- May 22, 2015
Golf is on the rebound, with participation numbers growing. With that growth comes more opportunities for you and your family to play golf in different ways.
If you and your family are beginners at golf, why torture yourself with four-plus hours of agonizing mishits and putts? Start slow and make golf a fun experience with each shot.
• Go to the practice range and learn how to hit a golf ball while exploring your capabilities. Hitting golf balls at a range once or twice a month lets you swing the way you want, as hard as you want, and it only takes about 30 minutes. Make a game of it — who can come closest to hitting the person driving the picker, who can hit the farthest or who can hit a certain target the most.
• Try going to the course and playing four holes or fewer. This should take you just more than an hour to play and will provide you an opportunity to get out on the course and enjoy its surroundings. Be sure to create a maximum score for everyone, so they can’t have a big score at the end of the holes you play. Encourage smaller games such as chipping or putting contests that everyone should be able to do and have fun.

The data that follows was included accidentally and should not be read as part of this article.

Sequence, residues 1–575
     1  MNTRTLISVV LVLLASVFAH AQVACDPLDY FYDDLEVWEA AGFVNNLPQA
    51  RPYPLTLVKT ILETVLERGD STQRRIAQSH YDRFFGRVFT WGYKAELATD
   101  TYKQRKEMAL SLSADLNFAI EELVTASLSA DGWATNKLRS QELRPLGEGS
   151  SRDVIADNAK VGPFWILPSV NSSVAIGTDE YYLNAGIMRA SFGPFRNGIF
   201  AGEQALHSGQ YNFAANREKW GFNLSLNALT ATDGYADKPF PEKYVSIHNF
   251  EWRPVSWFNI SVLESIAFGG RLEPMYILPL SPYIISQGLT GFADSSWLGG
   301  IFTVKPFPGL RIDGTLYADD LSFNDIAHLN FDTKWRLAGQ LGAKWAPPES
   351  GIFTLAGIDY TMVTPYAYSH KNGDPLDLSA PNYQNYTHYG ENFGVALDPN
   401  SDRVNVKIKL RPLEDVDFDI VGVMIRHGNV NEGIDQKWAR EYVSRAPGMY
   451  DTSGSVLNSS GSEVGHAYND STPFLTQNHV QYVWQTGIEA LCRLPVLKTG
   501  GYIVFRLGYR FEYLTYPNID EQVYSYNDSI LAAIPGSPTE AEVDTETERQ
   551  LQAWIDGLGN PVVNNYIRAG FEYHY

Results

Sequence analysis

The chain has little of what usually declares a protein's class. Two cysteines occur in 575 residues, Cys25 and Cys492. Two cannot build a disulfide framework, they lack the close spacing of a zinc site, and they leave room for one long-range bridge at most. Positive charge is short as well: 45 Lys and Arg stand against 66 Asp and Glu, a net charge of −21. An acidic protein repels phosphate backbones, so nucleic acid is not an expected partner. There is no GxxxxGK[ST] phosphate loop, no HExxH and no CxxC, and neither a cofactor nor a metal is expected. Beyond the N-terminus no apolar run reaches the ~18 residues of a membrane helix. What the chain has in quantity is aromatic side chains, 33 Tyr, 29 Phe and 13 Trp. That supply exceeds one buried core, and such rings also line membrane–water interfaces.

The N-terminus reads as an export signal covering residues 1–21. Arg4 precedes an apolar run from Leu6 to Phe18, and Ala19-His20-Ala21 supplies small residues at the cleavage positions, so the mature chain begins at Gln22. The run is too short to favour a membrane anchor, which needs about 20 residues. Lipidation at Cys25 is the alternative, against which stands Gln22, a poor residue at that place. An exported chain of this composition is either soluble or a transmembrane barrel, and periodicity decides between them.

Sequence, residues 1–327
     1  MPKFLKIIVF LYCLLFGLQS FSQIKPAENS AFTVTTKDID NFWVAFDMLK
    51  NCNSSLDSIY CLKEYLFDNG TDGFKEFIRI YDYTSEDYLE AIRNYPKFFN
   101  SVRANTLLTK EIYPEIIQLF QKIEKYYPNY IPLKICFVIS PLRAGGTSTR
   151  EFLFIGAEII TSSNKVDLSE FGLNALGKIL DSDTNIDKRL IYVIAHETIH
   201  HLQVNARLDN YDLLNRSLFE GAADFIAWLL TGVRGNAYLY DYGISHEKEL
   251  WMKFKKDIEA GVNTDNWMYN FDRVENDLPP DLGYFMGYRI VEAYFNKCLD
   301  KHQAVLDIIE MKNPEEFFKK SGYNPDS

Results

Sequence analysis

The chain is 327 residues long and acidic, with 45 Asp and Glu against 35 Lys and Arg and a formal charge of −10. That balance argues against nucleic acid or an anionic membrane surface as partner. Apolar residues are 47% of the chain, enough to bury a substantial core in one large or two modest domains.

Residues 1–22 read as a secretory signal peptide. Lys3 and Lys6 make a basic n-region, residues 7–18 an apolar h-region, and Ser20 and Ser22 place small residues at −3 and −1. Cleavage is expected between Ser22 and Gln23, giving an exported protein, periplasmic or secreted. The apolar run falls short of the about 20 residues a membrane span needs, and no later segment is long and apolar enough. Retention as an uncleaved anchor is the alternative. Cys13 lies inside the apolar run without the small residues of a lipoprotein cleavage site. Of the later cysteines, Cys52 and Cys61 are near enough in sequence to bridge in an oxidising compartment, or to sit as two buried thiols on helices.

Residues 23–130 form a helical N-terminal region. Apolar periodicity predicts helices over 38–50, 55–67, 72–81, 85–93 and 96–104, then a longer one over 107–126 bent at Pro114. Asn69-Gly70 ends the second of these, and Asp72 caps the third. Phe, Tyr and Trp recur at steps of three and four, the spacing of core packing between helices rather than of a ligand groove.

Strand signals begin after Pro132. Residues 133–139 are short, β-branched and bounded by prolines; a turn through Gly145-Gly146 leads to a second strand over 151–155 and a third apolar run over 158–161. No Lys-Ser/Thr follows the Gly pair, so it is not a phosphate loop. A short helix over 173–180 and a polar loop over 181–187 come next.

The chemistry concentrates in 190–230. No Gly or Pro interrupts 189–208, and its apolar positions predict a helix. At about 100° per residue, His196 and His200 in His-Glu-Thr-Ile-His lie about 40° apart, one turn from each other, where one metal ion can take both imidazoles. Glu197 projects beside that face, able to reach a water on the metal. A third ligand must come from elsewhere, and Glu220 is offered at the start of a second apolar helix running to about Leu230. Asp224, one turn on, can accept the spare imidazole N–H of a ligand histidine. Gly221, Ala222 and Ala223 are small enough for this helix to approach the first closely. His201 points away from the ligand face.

Encourage your entire family to participate in activities that will create an interest level for everyone.
• Family day at the course. Go to the course with a plan for everyone. Whether it is taking a family clinic, playing modified games on the course for nine holes or having a contest each Saturday on the range, make the experience and time spent enjoyable while allowing each family member to choose the activity for the day.
• Group coaching. This is the wave of the future for golf instruction, with entire families engaging a golf instructor. Note that “coaching” is different from “teaching,” because it stresses flexibility to accommodate everyone’s schedule while incorporating other elements of golf not traditionally associated with a “lesson.”
• Leagues. Looking for a relaxed form of competition where you can test your skills and meet people of similar interests? Be willing to join or even start a league at a golf facility. Creating a family league is an up-and-coming movement around the country that allows an entire family to be a team competing against other family teams.
Look no further than the rounds you are already playing to make them more interesting:
• Games within a game. Set up the course in two-hole, three-hole, or six-hole segments and create a goal for you to accomplish in each set that is not related to your score, such as hitting greens, or number of putts.
John Hughes is the an award-winning golf coach whose clients include golfers of all skill levels, including major winners on tour. His website, JohnHugheGolf.com features tips, advice and the programming he offers at West Orange Country Club.